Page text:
The Procurement of Shipping by the Board of Ordnance during the American War, 1775-82

By David Syrett, published November 1995

Abstract

During the American War British forces were fighting in North America, the West Indies and the Mediterranean. Responsibility rested with the Board of Ordnance to transport engineers and the Royal Regiment of Artillery along with their equipment and munitions to overseas destinations and to naval and military sites round Britain. To undertake these tasks the Board purchased or hired vessels, organising the business from their headquarters in Westminster and mainly using a network of contacts with shipowners, merchants and brokers in the City of London. Occasionally troops were sent as passengers on merchant ships. Examples are given of ships used, charter rates and methods of payment for different destinations and varying periods of time. Owners of chartered vessels were compensated for any lost by enemy action. The bulk of men and materials were sent on ships under long term time charters, the Ordnance Board paying higher charter rates than its chief rival the Navy Board, but hiring fewer ships – an annual average of 25 seagoing ships compared to the average of 322.5 hired by the latter board. Once the terms of a charter-party had been agreed, the ship was inspected, valued and fitted for service in the Thames. Crucially, its measured tonnage was assessed, using the formula enshrined in a 1773 Act of Parliament. The Board of Ordnance was able to obtain all the shipping it required during this period.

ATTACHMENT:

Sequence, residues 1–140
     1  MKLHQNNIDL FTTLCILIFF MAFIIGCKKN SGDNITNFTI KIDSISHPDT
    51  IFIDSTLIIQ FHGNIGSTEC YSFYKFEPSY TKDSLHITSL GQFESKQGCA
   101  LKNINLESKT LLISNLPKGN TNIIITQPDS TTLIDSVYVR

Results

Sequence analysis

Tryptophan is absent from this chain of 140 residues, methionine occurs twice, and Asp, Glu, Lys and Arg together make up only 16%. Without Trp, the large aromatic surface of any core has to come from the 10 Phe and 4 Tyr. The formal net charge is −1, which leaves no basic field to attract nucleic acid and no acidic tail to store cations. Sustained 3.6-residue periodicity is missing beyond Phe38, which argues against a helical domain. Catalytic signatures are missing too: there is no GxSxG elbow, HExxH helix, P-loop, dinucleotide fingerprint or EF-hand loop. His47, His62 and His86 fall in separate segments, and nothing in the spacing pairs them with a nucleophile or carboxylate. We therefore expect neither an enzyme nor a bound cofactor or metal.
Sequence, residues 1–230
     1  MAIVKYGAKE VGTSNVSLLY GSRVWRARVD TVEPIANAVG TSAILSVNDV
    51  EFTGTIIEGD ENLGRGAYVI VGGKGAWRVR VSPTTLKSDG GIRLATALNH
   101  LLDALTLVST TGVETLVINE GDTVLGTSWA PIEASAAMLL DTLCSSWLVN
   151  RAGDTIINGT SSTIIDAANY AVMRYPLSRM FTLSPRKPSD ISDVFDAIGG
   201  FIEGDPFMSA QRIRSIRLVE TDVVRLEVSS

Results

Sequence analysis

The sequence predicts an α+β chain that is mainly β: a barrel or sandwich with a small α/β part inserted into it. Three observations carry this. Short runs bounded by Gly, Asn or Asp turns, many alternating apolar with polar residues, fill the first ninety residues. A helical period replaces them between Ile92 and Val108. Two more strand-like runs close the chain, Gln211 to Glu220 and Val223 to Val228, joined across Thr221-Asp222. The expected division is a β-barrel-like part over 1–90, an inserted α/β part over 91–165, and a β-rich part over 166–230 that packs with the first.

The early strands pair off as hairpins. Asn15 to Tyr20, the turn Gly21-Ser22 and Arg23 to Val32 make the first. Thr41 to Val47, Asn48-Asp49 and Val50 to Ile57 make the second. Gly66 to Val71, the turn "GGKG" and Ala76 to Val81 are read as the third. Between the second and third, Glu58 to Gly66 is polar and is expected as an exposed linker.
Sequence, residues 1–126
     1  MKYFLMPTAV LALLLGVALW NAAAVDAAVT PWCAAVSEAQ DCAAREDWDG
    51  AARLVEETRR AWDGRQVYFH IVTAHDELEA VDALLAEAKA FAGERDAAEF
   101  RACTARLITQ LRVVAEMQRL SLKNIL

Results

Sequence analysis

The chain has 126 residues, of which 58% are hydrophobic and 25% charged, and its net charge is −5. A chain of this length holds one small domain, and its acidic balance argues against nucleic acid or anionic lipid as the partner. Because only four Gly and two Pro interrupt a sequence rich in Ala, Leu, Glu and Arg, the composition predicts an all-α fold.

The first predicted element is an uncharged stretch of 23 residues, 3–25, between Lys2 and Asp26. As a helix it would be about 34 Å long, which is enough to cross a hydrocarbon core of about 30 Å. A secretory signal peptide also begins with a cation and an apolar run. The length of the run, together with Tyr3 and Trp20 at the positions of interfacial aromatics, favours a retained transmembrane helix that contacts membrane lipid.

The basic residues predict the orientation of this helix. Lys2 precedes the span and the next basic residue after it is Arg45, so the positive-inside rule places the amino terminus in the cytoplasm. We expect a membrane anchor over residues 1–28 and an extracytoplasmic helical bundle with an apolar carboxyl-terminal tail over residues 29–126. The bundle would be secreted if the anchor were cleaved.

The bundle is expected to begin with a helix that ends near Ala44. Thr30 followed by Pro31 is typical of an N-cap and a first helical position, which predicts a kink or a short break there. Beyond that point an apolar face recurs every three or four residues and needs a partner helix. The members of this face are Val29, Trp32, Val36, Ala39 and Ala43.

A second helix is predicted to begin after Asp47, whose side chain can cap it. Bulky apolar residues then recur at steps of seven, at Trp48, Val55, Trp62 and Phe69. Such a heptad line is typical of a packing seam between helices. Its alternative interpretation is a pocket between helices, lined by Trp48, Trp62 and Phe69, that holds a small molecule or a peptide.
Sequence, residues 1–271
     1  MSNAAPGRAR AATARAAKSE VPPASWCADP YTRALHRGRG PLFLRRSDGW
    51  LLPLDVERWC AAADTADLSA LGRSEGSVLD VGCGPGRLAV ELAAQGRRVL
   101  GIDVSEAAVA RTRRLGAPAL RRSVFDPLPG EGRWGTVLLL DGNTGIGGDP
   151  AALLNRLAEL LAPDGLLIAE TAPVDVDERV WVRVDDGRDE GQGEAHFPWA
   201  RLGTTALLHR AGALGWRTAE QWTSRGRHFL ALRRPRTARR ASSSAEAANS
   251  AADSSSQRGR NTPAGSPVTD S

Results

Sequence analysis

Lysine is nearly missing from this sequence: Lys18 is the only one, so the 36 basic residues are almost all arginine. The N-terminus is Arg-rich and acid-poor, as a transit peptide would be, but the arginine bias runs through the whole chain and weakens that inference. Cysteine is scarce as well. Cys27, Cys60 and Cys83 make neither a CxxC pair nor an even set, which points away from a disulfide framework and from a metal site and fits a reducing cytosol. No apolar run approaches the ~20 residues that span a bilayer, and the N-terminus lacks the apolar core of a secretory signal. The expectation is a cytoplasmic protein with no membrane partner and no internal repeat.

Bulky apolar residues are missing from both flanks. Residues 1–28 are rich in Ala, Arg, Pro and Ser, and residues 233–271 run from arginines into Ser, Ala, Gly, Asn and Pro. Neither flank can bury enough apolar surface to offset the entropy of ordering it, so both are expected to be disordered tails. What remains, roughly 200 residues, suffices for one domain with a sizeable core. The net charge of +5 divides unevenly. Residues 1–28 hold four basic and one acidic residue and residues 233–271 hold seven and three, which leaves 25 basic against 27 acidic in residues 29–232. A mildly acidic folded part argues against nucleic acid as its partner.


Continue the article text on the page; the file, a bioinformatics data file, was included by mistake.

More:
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Filed under: Atlantic | English Channel | North Sea | American Revolution | Irish Sea | Mediterranean | Caribbean
Subjects include: Administration | Logistics | Merchant Marines | Weapons

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